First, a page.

You know that you really get it when the shocking thing about the gospel is not that God extends wrath to sinners, but that he extends grace. And here’s why: The basic human condition is to believe that God isn’t really all that holy and that I’m not really that bad. God is lenient toward sin, and, as it happens, I am not really all that deeply sinful anyway. So we are a good match, God and I. It takes no faith to believe that. It takes no great change of mind and heart.

But the gospel unmasks that kind of delusion. The gospel helps us see things as they really are. The gospel says that God really is far holier than I dared even imagine and that I am far more sinful than I ever could have guessed. And, right there—with the right assessment of both God and me—right there the gospel blazes forth. Right there the gospel gives hope.

(Once again I’m indebted to Michael Kruger’s lectures on Romans)

Letters to the Editor
November 08, 2015

A couple of months ago I made the decision to remove the comment section on my blog. I did so largely because comments can only succeed where there is good moderation, and I was increasingly unable to provide that. In lieu of comments I have decided to accept (and encourage) letters to the editor. Today I share some of the letters to the editor that have come in this week—letters that are representative of the ones I received this week. I would invite those of you who read the blog regularly to consider reading these letters as a part of the back-and-forth between writer and readers.

Comments on A Quiz on the Doctrine of Scripture

I got 32 out of 33, and the one I got wrong was about the overarching message of the Bible [“The overarching goal of the Bible is to bring readers into a saving relationship with God through faith in Christ Jesus.”]. The Shorter Catechism teaches that the chief end of man is to glorify God and to enjoy Him forever, so I would contend that that is the message, and that it includes our salvation via the Cross, and that Christ is the central Character but that the goal and message is that God would be glorified; it is our preparation for Eternity where we will live constantly glorifying Him, for Who He is and for what He has done.
—Michael M, Christchurch, New Zealand


Really liked the quiz. It was a good mix of true and false, had some good depth, and the Scripture and WCF support passages were helpful. The only question that I think is wrong is #32. The answer in the quiz made it man-centered rather than Christ-centered. While the Scripture passages given state the purposes of those particular books as convincing the reader to believe, I don’t think that is the overarching purpose of the Bible. You could look to some of the OT prophets, Isaiah in particular, where God said He was giving His word to harden hearts and most would not hear and believe. Jesus said that He spoke in parables to keep some (Pharisees) from hearing and seeing. Ultimately, the Gospel has a dual purpose - to bring salvation and to harden. If you had to go with an overarching purpose, it may be better to say something like it is about revealing God’s covenant faithfulness to His people, whom He created and who fell into sin, fulfilled in the person of Jesus Christ. (I’m sure there is a better worded way of saying this, but I’m doing this off the top of my head.)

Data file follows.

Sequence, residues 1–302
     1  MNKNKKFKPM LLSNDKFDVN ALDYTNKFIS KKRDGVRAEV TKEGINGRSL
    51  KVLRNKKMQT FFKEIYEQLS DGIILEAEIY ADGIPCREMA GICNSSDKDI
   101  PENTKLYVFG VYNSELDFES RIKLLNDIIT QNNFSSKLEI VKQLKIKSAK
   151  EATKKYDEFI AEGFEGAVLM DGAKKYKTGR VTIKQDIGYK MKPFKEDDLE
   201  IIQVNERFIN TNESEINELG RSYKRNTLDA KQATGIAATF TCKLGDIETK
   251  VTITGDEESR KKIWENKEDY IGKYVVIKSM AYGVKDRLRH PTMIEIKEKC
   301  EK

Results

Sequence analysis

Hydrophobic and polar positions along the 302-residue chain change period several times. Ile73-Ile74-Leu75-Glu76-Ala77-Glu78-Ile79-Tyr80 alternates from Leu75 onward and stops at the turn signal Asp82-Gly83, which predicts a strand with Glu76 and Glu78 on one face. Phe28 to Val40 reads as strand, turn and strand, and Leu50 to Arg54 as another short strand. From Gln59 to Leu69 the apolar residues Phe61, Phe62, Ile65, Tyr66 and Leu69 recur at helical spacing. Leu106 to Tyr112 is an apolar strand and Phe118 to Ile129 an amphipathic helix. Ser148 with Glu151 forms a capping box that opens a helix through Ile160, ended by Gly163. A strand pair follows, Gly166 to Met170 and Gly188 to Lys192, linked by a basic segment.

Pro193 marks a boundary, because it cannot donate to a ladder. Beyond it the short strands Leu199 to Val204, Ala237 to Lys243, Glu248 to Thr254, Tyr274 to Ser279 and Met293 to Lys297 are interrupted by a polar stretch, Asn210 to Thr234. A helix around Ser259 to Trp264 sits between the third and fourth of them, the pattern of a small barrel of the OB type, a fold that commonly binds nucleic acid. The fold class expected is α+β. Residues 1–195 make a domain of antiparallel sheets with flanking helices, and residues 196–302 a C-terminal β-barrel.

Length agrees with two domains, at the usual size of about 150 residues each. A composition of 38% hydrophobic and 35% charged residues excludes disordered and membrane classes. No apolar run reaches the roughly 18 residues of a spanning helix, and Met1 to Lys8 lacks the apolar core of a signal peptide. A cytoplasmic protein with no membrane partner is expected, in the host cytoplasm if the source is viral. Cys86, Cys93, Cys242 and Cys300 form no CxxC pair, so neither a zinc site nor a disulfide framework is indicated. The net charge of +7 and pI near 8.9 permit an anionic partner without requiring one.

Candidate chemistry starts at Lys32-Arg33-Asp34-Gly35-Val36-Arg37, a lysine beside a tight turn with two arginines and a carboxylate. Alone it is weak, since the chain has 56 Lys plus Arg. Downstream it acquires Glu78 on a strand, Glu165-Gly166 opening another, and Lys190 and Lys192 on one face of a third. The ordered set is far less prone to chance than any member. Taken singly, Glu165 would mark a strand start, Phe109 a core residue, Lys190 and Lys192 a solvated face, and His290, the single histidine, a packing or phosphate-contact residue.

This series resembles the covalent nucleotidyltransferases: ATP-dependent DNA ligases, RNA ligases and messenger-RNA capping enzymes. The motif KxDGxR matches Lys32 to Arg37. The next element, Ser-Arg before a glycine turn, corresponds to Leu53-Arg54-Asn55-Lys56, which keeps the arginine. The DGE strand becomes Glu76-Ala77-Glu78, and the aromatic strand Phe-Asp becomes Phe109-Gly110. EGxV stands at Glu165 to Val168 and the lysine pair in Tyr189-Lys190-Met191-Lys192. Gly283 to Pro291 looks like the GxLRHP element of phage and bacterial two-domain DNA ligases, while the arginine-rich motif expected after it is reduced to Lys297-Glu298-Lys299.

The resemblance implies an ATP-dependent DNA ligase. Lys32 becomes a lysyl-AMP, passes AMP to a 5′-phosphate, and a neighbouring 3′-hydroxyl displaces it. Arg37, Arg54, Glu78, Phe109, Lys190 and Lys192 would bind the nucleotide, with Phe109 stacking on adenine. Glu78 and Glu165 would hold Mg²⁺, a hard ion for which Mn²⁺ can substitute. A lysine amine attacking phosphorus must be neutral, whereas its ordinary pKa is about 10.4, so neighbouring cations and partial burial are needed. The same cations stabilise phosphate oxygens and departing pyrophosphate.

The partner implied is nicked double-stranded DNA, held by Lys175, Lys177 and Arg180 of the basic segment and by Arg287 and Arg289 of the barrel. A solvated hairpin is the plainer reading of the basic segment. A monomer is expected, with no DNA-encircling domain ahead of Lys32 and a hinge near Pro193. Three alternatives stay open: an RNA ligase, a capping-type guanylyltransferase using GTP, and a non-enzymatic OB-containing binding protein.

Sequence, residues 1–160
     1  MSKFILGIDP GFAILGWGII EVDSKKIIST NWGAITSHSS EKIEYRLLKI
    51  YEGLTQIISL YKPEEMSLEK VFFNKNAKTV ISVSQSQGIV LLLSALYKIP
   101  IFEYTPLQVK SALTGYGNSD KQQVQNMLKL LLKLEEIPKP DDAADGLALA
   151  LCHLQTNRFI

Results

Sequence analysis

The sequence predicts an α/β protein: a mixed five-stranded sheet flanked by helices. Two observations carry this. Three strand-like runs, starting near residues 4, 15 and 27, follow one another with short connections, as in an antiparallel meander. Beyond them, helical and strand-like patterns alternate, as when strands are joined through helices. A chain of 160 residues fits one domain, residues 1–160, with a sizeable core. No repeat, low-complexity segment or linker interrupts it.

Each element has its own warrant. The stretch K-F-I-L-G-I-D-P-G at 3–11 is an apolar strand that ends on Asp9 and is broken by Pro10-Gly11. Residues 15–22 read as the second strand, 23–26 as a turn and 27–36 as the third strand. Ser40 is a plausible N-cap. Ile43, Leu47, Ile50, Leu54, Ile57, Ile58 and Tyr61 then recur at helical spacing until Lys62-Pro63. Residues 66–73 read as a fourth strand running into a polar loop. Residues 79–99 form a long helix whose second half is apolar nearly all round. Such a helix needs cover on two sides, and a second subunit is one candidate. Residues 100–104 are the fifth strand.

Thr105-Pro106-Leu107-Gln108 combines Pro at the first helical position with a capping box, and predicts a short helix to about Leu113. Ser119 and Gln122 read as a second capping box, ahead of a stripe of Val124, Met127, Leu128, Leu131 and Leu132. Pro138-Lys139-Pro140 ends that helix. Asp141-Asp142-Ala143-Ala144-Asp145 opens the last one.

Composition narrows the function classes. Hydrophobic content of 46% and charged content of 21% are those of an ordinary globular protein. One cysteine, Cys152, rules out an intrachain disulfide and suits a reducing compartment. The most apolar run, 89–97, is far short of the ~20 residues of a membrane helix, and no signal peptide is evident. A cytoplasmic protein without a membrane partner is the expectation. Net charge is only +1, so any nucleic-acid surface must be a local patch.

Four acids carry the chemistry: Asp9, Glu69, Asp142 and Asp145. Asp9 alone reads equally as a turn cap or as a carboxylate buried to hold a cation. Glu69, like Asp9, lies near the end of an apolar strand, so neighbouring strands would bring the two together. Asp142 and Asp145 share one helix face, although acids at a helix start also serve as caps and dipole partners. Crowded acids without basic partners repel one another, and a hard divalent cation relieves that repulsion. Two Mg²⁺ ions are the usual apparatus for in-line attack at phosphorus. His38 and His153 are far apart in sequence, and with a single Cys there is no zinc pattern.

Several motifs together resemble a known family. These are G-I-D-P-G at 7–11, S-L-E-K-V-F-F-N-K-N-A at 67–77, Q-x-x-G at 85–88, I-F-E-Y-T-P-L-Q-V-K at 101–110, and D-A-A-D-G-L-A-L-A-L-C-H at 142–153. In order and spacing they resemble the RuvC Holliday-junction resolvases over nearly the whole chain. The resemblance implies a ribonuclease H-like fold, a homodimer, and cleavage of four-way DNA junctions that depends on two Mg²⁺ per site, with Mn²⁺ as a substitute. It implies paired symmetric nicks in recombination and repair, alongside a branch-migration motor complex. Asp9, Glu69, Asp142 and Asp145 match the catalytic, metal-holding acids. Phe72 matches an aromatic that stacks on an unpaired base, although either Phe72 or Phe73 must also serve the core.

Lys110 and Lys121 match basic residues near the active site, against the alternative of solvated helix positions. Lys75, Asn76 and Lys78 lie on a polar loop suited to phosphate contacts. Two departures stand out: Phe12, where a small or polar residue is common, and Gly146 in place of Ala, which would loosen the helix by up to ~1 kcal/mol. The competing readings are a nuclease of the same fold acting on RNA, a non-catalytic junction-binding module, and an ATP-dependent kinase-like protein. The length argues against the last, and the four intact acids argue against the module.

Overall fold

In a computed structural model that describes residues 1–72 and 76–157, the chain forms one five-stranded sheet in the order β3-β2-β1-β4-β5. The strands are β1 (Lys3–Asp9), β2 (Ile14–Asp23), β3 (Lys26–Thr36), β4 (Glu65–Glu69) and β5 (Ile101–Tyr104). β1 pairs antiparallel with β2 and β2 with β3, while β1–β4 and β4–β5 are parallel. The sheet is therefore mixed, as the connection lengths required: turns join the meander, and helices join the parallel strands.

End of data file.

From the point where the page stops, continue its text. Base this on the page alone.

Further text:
—Tom C, Acworth, GA


I wonder about question 32, I think it was, concerning the main purpose of scripture. I don’t think scripture’s main purpose concerns the salvation of people although it is undoubtably important. My take is that the entire biblical story, from beginning to end it about God, and how he will ultimately accomplish his purposes, for his glory, regardless of the sin and failure of people. The scriptures center on God who created the heavens and the earth.
—Loren B, Temple, TX

Tim: Of all the questions I asked in the quiz on the doctrine of Scripture, #32 was the one that generated the most questions and confusion. And, in retrospect, I see why. I will rewrite it to maintain the intent of the question, but to add clarity.


I really appreciate the quizzes that you have been running lately, especially how you give the rationale/doctrinal basis for each as each question is answered. It is encouraging to me both to see what I have learned in my years of study and to get further motivation to dig even deeper. Thank you so much for all that you do.
—Andrea N, Canton, NY

Tim: I’m glad they have proven helpful. I have thoroughly enjoyed putting them together and have more in the works!


First, let me say that you have had a profound impact on my Spiritual life over the past few years that I have been following you. Your insights are simple but deep, well stated and I have found them to be Biblically sound. When you challenge my point of view, I study and seek the guidance of the Holy Spirit and usually find a new insight that I have not considered. I enjoyed the quiz on the Doctrine of Scripture and would like a printable copy of the quiz and the answers/Scripture references to use as a reference for a ladies Bible study class that I am in at my church. Thank you for all you do! God Bless!
—Kellye B, Crystal Springs, MS

Tim: Thanks so much, Kellye. That is very encouraging. And I plan to have downloadable, printable copies available very soon. There is a surprising amount of copying, pasting, and formatting involved.

Comments on Joel Osteen or Fortune Cookie?